Osteoporosis Center

Osteoporosis is a metabolic osteopathy characterized by an alteration in skeletal trabecular microarchitecture (qualitative alteration) and reduced bone mass (quantitative alteration) hence increased skeletal fragility that is the cause of the most serious complication: fractures.

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By definition, osteoporosis fractures are called fragility fractures, occurring in the absence of trauma or due to mild trauma. The most common sites of fragility fractures are the spine, femur and wrist; to a lesser extent the ribs and pelvis.

From an epidemiological point of view, living in an increasingly elderly society andosteoporosis being a late-life disease, the socioeconomic impact of the latter has also become increasingly pressing and preponderant in terms of pharmaco-economics: just think of the economic implications related to the resources used in the treatment of a femoral fracture, whether resulting from the surgery itself but also from the subsequent rehabilitative therapies not to mention the impact quoad valetudinem “of the fracture event” (post-fracture outcomes that affect the performance of daily life and thus welfare) and sometimes even quoad vitam (post-surgery complications, such as cardiovascular and/or infectious causes that can lead to the patient’s death).

Classically, a distinction is made between primary (post-menopausal osteoporosis, the preserve of the female sex, and senile osteoporosis) and secondary forms of osteoporosis (pharmacological especially from cortisone, from endocrine dysfunction see primitive hyperparathyroidism and hyperthyroidism, hematological diseases, etc.). Also playing an important role in the development of osteoporosis are lifestyle and especially constant aerobic physical activity (osteoporosis related to protracted and prolonged immobilization,” see disabling outcomes of cerebrovascular disease and/or cerebro-muscular disease causing allurement and poor motor capacity) and diet (adequate intake of calcium “about 1000 mg/day – and VitD about 800 IU/day”). Toxicants important to bone in many ways are alcohol and chronic smoking.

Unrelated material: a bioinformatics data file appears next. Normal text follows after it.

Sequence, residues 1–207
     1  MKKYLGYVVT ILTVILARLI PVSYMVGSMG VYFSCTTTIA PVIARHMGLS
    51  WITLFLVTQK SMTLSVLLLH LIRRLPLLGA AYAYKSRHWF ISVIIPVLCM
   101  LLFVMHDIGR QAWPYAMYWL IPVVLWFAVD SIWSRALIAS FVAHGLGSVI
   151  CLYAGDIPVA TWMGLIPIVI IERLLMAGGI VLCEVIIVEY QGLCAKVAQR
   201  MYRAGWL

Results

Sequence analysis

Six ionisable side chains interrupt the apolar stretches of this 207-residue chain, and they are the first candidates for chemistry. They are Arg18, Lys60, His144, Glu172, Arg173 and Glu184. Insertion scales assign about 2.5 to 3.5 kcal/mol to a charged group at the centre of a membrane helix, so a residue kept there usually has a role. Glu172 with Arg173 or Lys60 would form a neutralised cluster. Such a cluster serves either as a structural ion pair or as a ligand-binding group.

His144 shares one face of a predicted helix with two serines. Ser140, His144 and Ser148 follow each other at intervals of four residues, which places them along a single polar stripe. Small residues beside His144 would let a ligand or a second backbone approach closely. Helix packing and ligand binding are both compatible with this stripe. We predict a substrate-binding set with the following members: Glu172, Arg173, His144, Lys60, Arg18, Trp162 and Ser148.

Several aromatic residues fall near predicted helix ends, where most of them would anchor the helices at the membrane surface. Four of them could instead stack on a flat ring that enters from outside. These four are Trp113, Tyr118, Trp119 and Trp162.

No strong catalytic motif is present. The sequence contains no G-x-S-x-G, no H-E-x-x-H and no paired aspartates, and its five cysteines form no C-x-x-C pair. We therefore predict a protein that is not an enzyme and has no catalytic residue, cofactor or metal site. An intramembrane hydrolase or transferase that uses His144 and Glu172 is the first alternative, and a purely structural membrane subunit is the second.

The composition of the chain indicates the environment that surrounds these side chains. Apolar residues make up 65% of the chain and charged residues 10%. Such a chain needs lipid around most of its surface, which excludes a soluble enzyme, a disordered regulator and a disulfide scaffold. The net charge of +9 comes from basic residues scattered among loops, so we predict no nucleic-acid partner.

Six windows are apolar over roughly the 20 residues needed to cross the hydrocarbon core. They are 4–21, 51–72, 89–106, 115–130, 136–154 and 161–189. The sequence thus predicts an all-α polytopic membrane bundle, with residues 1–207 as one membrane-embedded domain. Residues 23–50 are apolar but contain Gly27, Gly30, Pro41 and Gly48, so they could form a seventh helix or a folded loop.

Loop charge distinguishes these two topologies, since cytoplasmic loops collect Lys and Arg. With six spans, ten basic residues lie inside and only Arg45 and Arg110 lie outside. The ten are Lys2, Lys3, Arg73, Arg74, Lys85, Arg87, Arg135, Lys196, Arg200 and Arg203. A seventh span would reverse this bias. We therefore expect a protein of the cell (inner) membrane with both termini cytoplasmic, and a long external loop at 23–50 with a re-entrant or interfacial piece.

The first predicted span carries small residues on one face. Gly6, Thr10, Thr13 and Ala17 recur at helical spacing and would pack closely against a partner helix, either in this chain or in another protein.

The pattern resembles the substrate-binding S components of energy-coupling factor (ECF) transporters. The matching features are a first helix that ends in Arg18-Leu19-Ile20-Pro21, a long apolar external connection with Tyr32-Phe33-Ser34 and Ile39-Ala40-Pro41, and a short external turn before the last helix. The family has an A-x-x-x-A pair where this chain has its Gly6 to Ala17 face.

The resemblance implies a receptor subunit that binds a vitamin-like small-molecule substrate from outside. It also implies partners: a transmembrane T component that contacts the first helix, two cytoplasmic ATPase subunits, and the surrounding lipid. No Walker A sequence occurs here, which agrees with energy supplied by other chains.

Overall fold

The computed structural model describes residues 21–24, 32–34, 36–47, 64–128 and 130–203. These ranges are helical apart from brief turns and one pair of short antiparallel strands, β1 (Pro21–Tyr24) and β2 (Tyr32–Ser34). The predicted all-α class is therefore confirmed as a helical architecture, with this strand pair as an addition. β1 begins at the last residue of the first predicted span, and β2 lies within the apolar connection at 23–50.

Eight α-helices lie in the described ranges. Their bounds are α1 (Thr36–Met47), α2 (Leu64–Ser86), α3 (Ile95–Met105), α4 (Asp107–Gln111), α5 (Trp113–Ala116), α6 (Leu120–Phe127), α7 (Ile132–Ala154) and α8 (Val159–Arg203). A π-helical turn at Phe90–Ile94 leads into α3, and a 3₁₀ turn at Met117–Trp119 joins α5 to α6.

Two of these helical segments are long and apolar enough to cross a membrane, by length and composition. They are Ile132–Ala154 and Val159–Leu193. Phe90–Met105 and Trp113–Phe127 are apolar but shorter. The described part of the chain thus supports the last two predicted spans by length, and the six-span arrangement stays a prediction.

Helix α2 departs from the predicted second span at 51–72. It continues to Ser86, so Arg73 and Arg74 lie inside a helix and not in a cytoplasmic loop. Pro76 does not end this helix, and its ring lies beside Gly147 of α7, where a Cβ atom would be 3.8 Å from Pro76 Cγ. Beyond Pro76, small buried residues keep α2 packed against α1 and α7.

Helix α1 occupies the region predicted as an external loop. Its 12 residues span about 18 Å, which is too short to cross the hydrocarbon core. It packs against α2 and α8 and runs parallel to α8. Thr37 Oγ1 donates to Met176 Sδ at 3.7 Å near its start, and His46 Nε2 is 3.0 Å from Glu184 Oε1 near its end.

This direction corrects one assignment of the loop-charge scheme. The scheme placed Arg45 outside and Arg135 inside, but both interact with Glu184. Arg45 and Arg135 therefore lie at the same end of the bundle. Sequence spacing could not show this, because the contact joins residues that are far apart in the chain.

The diagnosis of osteoporosis is made through appropriate instrumental tests such as bone densitometry, or Computerized Bone Mineralometry (MOC), and with clinical-instrumental aid: targeted laboratory tests and appropriate evaluation by clinicians with expertise in the field. Today for the treatment of OP we have an extensive pharmacological armamentarium that allows us not only to treat it but more importantly to prevent complications, namely fragility fractures.

Among the most studied and tested drugs with positive outcomes are the amino-bisphosphonates (Alendronate, Residronate, Ibandronate etc.) and the more recent Denosumab (Prolia); the latter although not bisphosphonate, has greater antiresorptive capabilities than bisphosphonates themselves and is therefore recommended in osteoporosicomplicated conditions. Other antiresorptive agents, admittedly less potent than aminobisphosphonates, are SERMs, the progenitor of which is Raloxifene. Last but not least is Teriparatide (Forsteo), a drug that can stimulate the osteoblast to produce new bone and therefore intended for very complex cases of osteoporosis where multiple vertebral and/or femoral fractures are present.


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